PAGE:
A significant part of this is being very clear on our expectations. When I have a difficult conversation, for example, I am explicit that it’s not about you versus me or me beating you up or pushing you out – if I do that, I have failed as a leader. It’s about us working together to achieve a positive outcome. I may disagree with you. I may be coming to you and saying, “Hey, we have a different point of view on this.” But you’re not an adversary. We’re here together, trying to create a shared outcome.

I also encourage leaders to eliminate the ‘why’. Why did you do that? Why did you say that? Why are our numbers the way they are? Asking why creates a division at a time when we’re trying to create a connection to bring people together. Instead, I encourage leaders to invite their employees into the difficult conversation. They need to show they want to hear them. They want to set them up for success instead of setting them up for failure.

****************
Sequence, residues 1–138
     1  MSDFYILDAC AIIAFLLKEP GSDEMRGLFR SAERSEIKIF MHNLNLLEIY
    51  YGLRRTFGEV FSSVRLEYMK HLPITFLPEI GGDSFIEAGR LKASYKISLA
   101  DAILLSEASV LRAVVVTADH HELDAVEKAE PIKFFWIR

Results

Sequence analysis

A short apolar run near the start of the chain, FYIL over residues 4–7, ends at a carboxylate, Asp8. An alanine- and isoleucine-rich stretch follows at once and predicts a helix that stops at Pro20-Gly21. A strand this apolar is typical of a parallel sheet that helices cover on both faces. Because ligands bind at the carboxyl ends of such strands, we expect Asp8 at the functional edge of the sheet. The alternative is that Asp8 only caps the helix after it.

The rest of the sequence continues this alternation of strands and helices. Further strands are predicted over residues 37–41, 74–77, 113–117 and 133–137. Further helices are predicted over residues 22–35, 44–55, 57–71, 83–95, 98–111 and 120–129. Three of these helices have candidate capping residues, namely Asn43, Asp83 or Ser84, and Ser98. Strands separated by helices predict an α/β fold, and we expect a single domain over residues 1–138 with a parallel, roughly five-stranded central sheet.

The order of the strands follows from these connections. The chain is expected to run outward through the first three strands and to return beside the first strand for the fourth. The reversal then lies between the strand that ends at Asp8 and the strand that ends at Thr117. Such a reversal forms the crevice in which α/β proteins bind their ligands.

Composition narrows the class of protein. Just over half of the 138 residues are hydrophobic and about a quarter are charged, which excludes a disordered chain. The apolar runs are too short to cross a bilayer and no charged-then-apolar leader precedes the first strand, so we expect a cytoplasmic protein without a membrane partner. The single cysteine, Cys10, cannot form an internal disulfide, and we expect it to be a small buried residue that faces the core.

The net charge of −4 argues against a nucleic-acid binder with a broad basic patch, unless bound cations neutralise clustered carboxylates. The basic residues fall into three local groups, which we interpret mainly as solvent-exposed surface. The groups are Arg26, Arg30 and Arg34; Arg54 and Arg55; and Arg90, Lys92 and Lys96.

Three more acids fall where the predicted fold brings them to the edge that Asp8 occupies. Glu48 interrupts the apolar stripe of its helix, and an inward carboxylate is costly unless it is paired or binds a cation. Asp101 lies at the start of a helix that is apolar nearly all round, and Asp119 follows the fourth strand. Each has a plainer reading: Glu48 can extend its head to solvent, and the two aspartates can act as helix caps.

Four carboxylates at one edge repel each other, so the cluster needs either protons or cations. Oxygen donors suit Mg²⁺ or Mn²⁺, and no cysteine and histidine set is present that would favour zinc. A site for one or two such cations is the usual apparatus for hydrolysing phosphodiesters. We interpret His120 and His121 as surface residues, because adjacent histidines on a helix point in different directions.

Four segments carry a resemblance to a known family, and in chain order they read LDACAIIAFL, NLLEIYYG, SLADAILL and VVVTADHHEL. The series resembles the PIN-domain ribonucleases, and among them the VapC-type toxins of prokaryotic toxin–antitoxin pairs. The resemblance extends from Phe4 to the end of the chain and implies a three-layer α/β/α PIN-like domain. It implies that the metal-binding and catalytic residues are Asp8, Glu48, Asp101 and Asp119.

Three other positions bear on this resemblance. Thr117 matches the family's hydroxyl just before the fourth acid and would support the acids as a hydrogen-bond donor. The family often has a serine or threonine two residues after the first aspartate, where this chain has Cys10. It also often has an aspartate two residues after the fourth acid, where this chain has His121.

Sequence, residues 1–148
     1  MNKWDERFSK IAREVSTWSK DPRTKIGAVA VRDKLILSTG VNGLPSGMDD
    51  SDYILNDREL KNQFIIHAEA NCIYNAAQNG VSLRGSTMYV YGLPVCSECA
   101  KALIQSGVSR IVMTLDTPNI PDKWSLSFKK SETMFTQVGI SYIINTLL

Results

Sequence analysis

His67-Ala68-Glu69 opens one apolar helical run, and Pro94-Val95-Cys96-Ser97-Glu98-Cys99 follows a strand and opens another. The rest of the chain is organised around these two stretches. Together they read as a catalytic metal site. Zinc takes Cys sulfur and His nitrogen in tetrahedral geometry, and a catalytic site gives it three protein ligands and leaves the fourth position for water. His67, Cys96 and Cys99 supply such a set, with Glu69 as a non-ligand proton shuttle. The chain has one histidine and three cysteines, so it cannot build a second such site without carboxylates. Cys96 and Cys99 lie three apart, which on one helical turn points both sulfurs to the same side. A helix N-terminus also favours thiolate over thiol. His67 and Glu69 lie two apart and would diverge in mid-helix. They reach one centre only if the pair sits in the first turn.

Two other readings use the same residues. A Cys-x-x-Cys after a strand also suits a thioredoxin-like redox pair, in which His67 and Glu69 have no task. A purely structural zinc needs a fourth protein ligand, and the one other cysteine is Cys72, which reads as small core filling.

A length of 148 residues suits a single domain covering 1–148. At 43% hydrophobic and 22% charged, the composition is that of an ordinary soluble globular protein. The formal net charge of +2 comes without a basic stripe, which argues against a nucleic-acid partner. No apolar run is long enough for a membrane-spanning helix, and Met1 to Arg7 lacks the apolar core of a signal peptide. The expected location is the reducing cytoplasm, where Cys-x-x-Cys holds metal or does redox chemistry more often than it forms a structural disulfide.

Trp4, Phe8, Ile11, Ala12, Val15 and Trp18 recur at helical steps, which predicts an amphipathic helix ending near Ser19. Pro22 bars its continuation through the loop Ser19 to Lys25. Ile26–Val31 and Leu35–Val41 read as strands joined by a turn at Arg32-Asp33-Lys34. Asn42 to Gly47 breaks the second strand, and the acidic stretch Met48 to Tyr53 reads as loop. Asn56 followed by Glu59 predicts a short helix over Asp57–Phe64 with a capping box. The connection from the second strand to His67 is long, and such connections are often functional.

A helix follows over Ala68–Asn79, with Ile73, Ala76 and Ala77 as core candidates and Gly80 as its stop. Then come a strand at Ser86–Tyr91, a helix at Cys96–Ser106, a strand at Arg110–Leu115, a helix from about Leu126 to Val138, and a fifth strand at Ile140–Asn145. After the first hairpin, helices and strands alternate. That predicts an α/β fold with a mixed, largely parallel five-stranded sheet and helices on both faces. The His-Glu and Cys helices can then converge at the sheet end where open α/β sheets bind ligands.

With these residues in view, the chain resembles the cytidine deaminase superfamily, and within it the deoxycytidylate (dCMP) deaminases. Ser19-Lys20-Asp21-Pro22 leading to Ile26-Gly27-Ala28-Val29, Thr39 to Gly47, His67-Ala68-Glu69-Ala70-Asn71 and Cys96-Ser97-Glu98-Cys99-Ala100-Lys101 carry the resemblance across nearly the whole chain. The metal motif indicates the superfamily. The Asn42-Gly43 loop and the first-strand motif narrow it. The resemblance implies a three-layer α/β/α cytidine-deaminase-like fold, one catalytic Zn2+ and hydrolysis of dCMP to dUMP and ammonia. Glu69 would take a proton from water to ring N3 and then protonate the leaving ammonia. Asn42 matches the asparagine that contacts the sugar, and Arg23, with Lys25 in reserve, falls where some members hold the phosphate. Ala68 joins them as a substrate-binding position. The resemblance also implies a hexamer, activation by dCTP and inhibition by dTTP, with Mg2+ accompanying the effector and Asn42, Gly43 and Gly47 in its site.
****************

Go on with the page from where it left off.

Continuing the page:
Something else that is important is where those challenging conversations are had. With this in mind, we’ve done much work to create effective office spaces. For example, we have a 100% truth table and a challenge everything table with a bunch of sticky pads for sticky conversations. By having uncomfortable conversations in these places, both people are more psychologically prepared, and we can come to a resolution much faster.

At a time when we are moving towards more hybrid ways of working, how important are workspaces when it comes to making strategic decisions?

For many companies, remote or hybrid options make perfect sense. However, we are seeing a major shift when it comes to creating a human connection. There’s a great disconnect between people and their organizations and society, leading to an epidemic of loneliness and making it difficult for managers to review performance and for people to rise through the ranks.

This needs to be addressed. We need to create what we call ‘intentional collisions’ and intentional spaces. If an organization invites their employees into a purposeful space with intention, they will find that people want to return to the office.